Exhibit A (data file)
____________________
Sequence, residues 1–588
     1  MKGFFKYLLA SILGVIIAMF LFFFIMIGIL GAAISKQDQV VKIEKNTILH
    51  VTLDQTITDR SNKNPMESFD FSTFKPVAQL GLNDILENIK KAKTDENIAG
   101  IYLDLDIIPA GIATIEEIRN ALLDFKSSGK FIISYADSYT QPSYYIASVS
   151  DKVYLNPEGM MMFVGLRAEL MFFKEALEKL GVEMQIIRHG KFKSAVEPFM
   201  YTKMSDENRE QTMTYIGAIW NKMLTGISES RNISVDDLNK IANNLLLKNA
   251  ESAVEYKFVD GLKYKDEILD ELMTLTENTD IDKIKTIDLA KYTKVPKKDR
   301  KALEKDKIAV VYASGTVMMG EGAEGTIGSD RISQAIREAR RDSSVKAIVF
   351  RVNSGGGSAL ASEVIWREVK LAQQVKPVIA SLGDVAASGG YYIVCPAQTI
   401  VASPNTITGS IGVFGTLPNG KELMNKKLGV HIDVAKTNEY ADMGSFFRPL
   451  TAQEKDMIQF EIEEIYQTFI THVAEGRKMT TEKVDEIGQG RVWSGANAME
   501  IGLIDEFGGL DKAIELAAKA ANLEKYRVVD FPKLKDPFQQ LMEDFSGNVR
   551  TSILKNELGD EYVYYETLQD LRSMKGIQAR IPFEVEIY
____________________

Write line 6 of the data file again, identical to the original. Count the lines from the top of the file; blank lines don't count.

   201  YTKMSDENRE QTMTYIGAIW NKMLTGISES RNISVDDLNK IANNLLLKNA